Secondly, the money that is hoped for is specifically projected to not be realised for at least several years into the festival’s existence.
Now, I know that governments sometimes need to put money into things that have no real or immediate returns, like social welfare and standing armies.
But this is not that.
This is something they are labelling an investment into culture and economy for the long term, when it is not.
Calling all successful business people: who amongst you will spend $9m you don’t have to begin with on something you expect and can be assured will lose money right away and for some years into the foreseeable future?
Nevertheless, the committee and its driving force continue to refer to the great economic value to be gained because of this disbursement of hard-to-come-by cash.
But that is a hard pill to swallow, with little to no evidence of benefit, and so much should not be riding on this one event with such a questionable outcome.
If the desire is really to invigorate the economy, the way to do it is not by gambling everything on an event that is, first of all, fleeting, but, second of all, will happen in conjunction with regularly occurring Junkanoo parades every year, thus negating its utility.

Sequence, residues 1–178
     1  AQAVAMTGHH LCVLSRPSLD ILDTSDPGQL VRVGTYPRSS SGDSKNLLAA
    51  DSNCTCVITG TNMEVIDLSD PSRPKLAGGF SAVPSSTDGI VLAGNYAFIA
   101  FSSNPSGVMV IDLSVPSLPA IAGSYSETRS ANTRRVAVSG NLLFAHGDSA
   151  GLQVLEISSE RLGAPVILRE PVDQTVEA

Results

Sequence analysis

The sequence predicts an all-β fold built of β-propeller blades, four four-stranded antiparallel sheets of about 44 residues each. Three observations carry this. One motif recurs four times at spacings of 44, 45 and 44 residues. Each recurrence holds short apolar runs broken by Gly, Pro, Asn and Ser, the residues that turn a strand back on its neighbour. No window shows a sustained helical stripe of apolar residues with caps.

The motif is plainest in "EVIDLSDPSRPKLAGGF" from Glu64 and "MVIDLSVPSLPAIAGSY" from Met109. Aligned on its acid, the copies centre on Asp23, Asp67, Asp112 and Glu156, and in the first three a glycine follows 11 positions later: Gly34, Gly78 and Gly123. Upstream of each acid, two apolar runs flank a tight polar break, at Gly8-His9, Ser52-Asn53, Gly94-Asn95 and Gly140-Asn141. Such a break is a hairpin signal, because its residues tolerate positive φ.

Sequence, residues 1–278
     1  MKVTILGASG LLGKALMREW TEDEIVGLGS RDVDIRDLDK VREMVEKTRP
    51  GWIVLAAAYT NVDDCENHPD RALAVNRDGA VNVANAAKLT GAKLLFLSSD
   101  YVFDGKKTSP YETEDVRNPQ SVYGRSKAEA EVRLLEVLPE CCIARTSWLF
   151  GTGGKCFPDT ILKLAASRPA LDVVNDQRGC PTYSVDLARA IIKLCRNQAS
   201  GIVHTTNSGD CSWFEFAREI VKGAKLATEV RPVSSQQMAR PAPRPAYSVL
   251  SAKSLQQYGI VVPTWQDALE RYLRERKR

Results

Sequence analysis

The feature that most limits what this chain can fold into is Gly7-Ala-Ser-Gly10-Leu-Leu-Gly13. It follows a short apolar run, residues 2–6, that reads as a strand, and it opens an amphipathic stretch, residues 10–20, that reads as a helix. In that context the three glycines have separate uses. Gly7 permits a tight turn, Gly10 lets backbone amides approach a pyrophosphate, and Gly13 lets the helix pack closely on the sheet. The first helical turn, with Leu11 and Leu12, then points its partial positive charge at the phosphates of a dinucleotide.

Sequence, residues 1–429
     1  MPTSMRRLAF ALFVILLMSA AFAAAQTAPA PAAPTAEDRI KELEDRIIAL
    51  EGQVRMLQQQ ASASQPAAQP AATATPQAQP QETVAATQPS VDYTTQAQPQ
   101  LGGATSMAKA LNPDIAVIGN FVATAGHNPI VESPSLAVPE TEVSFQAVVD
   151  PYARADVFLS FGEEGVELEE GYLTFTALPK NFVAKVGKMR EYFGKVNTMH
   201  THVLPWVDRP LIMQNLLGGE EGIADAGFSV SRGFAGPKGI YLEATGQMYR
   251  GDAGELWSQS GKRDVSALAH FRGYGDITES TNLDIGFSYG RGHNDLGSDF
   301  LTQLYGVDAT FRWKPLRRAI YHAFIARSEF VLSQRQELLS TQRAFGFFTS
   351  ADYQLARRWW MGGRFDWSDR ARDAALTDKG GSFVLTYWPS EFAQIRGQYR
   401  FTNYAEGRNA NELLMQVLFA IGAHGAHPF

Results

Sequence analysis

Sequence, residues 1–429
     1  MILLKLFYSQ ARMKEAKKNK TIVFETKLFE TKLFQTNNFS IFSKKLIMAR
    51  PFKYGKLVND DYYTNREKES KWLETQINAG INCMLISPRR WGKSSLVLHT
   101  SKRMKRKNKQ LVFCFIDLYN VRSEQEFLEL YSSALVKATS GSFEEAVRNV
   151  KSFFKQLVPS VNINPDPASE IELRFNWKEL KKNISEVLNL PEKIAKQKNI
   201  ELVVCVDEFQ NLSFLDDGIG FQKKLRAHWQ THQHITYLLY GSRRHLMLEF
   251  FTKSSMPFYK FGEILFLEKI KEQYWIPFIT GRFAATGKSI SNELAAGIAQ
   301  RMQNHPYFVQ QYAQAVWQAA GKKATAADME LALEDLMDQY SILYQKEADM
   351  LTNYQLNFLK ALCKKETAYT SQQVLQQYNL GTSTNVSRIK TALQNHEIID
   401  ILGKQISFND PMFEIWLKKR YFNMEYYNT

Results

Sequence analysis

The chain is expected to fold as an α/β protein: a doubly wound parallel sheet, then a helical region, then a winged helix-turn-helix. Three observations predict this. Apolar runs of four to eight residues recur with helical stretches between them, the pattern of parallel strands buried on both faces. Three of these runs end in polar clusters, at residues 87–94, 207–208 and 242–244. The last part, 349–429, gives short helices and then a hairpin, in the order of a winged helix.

It will only serve to confuse the people who subscribe to it.
If I were a visitor to the Bahamas, I’d want to take part in the most authentic version of Junkanoo; I would not be coming to Junkanoo in the springtime because the Bahamas government thinks it should suit me better … or because it pops up more frequently in a Google search. I still can’t believe they stated that as justification for this new idea/name.